Scout Environmental has been closely tracking recent articles on the global demise of insects. The November 27, 2018 issue of the New York Times Magazine reported results of long-term studies in Puerto Rico and Germany. Insect biomass in a Puerto Rican rain forest declined 30-60 times and temperature increased 2 degrees Celsius during a 36-year period (1976-2012). Lizards, frogs, and birds that feed on insects also declined. A more recent study in 63 nature protection areas in Germany documented a 76-82 percent decrease in flying insects over a 27-year period (1989-2016).
National Geographic and The Guardian published related articles in February 2019 following an in-depth review of 73 historical reports of insect decline from around the world. The study authors predict the extinction of 40% of the world’s insect species in the next few decades if corrective action is not taken. Pollinators such as butterflies, moths, bees and wasps, and decomposers such as dung beetles are the groups at greatest risk.
A 2-degree Celsius change in temperature is a likely contributor to the demise in the Puerto Rican rain forest given the strong relationship between temperature and insect development. Other possible factors include habitat loss from intensive agriculture and urbanization, pollution from synthetic pesticides and fertilizers, and pathogens and introduced species. Scientists plan to continue the studies in Puerto Rico and Germany with an eye toward determining the underlying causes. Another study has also begun in Denmark to monitor long-term changes in insect biomass.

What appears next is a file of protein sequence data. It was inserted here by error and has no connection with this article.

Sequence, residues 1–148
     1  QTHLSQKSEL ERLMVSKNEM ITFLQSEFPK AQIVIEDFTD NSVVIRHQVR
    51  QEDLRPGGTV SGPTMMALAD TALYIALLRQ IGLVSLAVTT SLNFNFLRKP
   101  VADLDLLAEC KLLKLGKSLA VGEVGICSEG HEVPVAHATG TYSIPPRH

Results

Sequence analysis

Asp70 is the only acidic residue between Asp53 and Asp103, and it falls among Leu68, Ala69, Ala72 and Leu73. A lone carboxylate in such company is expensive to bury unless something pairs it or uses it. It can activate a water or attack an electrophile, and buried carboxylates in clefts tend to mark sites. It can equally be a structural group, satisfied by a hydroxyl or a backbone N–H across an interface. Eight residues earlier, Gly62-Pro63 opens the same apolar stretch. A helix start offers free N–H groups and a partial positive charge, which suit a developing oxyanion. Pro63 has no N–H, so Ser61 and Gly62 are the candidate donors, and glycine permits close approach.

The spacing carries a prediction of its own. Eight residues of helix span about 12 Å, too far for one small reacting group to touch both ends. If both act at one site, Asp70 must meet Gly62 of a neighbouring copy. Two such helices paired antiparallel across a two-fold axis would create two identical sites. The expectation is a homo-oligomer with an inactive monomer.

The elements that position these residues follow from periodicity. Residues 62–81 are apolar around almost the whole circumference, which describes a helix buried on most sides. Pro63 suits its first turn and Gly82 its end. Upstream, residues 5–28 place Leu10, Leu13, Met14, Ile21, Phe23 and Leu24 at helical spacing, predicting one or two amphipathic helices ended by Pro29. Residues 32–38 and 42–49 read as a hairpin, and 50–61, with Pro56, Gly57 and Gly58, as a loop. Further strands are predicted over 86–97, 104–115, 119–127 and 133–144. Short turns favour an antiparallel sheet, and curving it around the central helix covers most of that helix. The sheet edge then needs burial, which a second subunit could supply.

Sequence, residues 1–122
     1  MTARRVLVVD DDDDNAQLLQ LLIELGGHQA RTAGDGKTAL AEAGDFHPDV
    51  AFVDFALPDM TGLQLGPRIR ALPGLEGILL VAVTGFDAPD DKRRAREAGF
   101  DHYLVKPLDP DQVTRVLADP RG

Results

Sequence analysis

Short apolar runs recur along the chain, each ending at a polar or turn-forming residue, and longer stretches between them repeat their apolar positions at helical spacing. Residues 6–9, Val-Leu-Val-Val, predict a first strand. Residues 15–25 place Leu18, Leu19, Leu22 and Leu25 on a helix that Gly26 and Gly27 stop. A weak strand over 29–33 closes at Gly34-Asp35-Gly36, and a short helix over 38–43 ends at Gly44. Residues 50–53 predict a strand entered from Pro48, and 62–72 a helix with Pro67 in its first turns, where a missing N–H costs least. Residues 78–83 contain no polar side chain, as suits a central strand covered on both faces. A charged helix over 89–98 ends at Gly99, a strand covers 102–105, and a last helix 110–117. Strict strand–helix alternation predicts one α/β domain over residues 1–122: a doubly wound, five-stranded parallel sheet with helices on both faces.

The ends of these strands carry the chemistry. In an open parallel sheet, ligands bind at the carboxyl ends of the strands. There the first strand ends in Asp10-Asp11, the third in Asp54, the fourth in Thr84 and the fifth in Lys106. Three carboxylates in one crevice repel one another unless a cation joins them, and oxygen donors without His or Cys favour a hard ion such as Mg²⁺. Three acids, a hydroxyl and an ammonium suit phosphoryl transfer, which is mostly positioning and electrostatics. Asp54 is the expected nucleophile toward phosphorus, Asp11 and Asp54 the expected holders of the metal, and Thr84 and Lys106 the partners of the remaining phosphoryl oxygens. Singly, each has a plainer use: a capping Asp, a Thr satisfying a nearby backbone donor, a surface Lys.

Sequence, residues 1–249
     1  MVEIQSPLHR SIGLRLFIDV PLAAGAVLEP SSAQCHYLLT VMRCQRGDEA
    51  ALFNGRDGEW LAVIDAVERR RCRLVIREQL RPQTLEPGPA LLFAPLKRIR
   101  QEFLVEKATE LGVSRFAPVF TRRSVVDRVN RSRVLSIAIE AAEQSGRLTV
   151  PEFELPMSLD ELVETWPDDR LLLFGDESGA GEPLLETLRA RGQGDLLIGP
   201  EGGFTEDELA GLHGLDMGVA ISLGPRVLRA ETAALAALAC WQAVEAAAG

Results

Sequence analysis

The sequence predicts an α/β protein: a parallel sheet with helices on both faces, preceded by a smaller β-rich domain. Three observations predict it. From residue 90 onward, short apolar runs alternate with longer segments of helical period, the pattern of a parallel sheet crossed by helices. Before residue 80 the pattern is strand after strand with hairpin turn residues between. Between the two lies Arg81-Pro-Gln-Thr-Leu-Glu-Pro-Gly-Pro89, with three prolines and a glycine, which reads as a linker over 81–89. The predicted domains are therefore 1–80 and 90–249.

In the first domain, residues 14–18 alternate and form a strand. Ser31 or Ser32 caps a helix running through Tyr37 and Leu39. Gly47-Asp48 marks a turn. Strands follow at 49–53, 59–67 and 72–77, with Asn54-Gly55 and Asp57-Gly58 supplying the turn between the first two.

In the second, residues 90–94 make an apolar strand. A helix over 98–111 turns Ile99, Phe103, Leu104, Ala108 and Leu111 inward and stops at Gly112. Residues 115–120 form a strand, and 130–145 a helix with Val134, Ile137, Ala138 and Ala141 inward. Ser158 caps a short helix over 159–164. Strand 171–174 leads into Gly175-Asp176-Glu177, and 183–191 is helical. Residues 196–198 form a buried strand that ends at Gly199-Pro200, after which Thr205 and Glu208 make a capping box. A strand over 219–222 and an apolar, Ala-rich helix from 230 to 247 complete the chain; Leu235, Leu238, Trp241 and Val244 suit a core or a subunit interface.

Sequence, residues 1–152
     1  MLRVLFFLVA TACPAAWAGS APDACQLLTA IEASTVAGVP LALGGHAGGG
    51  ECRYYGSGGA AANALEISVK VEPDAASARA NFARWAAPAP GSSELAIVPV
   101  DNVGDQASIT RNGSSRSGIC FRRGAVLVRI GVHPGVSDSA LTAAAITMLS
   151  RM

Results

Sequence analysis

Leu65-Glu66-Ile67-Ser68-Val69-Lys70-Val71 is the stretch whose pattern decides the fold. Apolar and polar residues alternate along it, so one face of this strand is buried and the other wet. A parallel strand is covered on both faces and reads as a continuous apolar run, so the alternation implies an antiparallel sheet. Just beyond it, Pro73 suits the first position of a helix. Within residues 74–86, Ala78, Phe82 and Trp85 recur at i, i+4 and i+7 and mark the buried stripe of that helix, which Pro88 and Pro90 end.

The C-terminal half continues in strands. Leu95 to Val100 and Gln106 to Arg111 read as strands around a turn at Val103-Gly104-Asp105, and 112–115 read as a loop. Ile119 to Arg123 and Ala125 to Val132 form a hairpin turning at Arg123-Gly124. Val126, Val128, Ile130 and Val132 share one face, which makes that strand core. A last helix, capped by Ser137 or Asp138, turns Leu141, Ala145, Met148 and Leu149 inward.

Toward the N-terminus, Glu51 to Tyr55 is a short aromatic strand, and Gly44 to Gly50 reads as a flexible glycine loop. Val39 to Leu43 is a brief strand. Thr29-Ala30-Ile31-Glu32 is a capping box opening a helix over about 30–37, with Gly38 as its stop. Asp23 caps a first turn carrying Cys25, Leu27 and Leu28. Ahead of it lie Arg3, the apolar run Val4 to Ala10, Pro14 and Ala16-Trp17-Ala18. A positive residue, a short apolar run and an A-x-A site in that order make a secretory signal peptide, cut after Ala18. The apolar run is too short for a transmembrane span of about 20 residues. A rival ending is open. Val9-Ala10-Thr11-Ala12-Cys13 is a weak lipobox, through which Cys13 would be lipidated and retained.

Closer to home, scientists in the U.S. have documented sharp declines in individual species. Monarch butterfly populations fell by 90% from 1995-2014 and the Rusty-patched bumblebee which once occurred in 28 states dropped by 87% in 20 years. On a positive note, recent counts of monarch butterflies show a dramatic increase thanks to efforts to restore habitat along the butterfly’s migratory route.
Declines of the magnitude predicted could have a devasting impact on our economy and way of life. Eighty percent of plants depend on insects for pollination and 60% of birds depend on insects as food. Much of the fruits and nuts consumed by humans and forage required for cattle production are pollinated by bees. Loss of insects in certain parts of China have already led fruit growers to recruit people to use feather dusters to pollinate apple and pear trees. Each worker can service only ten trees per day at a cost of $19. Technology and human substitutes cannot match the efficiency and effectiveness of nature.
Up front planning and environmental analysis with an eye toward sustainable development is critical to reversing the trend. Restoring habitat in previously disturbed areas can also help. Scout Environmental is ready to assist by preparing comprehensive land use plans and in-depth environmental analysis to assess potential impacts and recommend mitigation measures. Our staff of knowledgeable and experienced professionals can develop the necessary documents to support sound decisions and minimize impacts. Contact firstname.lastname@example.org to discuss your planning needs.
Author Tom Lillie presenting to school children on the importance of insects.